Festival Season - the Huckleberry Festival
TROUT CREEK, MONTANA— The people who live in and around the small northwestern Montana town of Trout Creek have always known it is special. And many others have learned of the secrets here—friendly people, lots of fun, and a little purple fruit called the huckleberry.
All three will be celebrated this weekend for the 22nd time at Trout Creek’s Huckleberry Festival. Friends and relatives have often come from near and far, an odyssey of sorts to enjoy this weekend. This year’s theme, appropriately, is 2001--A Huckleberry Odyssey: Past, Present and Future.
And speaking of the past, Trout Creek this year celebrates an event marking how special the town and festival are. Twenty years ago, former Montana Governor Ted Schwinden proclaimed Trout Creek as Huckleberry Capitol of Montana. In 1981, former state representative for the area, Chris Stobie quickly saw to the request of festival principal Jay Simons for the proclamation--and the honor was bestowed.
Stobie himself will be among those who “odyssey” to Trout Creek. The former owner of the grocery store in Trout Creek now lives in Hot Springs with his wife Ruby. He said he’s honored to have been invited to Grand Marshal this year’s Saturday parade (11 a.m.).
There’s a lot of history behind the many events of the Huckleberry Festival—a place where everyone can find some fun. Almost everything takes place in the town park, with Friday visitors finding some of the more than 100 arts, crafts and food booths being open. At 4:30 p.m., local bluegrass group The Mountainaires will take the stage at the park, followed by youth vocalists from the Choraleers singing group from Thompson Falls Elementary. The L’il Miss (ages 7 to 10) and Miss Huckleberry (ages 11 to 14) Pageant begins at 7 p.m. From 9 to 11 p.m., teens have their own Teen Dance, with a local teen DJ playing their favorite CD’s.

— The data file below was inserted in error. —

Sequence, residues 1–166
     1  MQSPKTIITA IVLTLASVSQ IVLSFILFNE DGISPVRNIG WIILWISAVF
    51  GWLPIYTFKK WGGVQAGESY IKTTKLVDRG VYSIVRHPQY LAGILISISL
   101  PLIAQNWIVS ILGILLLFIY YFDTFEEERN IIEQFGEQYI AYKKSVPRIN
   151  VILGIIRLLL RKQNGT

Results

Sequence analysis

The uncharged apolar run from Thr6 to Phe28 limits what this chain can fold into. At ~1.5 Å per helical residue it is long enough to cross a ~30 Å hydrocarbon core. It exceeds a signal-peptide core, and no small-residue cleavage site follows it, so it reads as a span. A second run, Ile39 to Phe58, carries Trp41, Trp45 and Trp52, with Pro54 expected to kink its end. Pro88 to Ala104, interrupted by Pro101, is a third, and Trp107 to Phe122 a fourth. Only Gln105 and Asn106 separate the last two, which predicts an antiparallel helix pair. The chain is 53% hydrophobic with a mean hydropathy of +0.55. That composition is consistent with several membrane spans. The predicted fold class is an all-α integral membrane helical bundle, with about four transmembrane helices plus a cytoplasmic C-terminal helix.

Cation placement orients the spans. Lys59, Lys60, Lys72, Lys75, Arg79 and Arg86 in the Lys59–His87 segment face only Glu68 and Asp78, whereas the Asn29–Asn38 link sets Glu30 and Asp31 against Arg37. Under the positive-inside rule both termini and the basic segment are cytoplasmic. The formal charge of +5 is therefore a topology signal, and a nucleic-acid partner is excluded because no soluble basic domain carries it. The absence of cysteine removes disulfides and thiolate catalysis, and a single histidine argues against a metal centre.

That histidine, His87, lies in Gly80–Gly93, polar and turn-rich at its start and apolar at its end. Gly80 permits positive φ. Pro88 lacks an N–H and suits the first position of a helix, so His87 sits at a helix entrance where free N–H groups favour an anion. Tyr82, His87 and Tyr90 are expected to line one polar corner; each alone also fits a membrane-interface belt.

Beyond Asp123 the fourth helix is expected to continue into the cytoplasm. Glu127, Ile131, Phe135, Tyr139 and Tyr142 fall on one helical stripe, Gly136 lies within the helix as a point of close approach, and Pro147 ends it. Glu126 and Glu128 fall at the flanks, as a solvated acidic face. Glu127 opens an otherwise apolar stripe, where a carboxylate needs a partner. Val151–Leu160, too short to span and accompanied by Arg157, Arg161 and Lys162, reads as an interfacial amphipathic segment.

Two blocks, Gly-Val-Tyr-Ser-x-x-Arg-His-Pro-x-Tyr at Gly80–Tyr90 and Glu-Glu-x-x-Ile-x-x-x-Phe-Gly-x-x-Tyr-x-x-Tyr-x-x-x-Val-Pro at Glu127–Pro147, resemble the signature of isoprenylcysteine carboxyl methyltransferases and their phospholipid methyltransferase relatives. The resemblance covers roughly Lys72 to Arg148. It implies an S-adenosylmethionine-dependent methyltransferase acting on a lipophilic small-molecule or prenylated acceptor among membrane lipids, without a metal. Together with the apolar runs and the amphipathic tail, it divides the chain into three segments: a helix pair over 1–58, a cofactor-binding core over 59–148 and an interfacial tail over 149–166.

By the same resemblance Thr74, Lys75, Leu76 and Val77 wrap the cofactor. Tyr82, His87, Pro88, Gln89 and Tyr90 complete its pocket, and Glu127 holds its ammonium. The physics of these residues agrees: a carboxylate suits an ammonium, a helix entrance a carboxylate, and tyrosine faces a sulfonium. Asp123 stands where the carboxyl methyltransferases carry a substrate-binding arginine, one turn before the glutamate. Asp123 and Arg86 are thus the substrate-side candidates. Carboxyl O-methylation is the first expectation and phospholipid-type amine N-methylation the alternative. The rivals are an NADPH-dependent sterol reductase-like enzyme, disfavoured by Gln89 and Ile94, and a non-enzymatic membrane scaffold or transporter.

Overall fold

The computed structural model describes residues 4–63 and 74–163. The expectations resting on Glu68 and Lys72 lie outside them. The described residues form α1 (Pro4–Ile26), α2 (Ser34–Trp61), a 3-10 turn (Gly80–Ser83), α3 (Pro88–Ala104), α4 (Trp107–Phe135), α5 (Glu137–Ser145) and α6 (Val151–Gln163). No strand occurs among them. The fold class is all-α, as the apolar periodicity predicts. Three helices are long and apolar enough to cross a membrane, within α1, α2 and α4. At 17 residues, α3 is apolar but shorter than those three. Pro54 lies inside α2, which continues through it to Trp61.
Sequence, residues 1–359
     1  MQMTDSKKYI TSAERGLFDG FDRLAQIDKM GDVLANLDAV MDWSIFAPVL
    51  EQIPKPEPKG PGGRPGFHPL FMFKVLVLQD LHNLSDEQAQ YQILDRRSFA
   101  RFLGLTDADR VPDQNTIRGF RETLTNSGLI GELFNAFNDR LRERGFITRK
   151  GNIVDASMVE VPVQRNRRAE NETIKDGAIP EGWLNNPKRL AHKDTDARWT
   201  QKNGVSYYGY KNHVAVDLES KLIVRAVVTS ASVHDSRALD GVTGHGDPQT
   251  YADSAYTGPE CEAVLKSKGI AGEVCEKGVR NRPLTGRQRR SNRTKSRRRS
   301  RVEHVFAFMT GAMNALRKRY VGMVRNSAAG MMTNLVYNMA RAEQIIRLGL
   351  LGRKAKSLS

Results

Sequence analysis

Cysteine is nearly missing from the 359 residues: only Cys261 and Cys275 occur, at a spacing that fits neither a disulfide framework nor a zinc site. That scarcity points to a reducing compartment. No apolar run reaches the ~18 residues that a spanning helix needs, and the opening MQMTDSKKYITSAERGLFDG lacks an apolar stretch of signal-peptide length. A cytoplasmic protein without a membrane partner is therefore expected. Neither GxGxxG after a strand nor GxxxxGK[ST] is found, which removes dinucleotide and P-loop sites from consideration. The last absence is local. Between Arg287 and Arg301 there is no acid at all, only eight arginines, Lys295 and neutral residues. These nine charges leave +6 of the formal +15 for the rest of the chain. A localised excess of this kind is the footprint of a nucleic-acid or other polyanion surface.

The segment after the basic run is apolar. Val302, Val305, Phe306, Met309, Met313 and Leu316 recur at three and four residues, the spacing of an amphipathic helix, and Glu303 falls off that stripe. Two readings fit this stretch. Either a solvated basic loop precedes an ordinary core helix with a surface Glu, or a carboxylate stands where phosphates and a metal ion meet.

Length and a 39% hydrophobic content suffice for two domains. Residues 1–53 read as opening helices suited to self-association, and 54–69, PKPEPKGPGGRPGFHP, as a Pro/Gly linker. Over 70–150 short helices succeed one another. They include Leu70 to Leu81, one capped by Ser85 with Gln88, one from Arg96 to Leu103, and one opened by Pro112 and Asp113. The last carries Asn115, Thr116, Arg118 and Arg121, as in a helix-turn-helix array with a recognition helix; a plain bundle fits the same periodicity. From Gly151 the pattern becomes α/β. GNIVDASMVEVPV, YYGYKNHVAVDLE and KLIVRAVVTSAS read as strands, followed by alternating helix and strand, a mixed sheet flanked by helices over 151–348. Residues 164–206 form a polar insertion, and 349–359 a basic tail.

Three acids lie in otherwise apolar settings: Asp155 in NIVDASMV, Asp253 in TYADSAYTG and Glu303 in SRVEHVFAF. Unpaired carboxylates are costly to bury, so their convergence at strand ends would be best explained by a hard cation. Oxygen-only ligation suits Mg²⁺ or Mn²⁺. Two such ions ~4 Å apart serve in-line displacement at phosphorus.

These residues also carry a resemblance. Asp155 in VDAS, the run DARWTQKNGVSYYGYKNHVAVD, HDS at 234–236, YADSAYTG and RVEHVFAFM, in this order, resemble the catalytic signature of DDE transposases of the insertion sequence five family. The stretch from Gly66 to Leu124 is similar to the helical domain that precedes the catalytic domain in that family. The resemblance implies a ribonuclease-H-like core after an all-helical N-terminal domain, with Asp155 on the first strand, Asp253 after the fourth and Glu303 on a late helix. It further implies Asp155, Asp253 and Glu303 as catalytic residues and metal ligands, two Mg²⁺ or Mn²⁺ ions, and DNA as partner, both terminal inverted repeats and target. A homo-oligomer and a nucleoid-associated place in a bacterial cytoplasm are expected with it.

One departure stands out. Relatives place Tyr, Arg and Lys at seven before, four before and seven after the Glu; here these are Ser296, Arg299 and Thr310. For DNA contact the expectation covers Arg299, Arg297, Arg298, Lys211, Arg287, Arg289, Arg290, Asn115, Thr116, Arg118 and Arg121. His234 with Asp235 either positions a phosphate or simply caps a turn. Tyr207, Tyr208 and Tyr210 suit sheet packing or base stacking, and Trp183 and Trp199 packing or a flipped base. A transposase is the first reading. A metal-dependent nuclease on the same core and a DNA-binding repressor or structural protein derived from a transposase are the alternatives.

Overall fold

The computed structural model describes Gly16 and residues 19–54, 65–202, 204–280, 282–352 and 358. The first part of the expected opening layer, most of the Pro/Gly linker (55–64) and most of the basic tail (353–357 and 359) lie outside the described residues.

Both Saturday and Sunday, members of Trout Creek Rural Fire Department will serve their famous huckleberry pancake breakfasts from 7 to 11 a.m. at the fire hall at the entrance to the park. The hearty breakfasts include ham, scrambled eggs, coffee and juice. For runners and walkers, a 5K Run for Fun is set to start Saturday at 8:30 a.m. (Register between 7 and 8 a.m. in front of Trout Creek Motel).
One of the biggest attention getters is the parade, which is set to run along Hwy. 200 in downtown Trout Creek, and moving through the park. Plan to arrive a little early and set up your chairs for the annual event. (To register and take in the fun and available prizes, call Tom Eggensperger at 406-827-3421).
Of course to some, the big draw of the festival is the quality of the arts and crafts booths, as talented artists and craftspersons venture here from near and far. And, of course, the musical entertainment is first-rate.
Sandpoint’s Swing Street Big Band will hit the stage first Saturday, beginning at noon. Local traditions, the Pet Parade and Baby Parade, follow Swing Street. People of all ages will have their chance to share their pets (on leashes) Saturday at 2:30 p.m. And at 2:45 p.m., youngsters age one and under are invited to bring their parents down for introductions to the community. Pets and babies receive small gifts.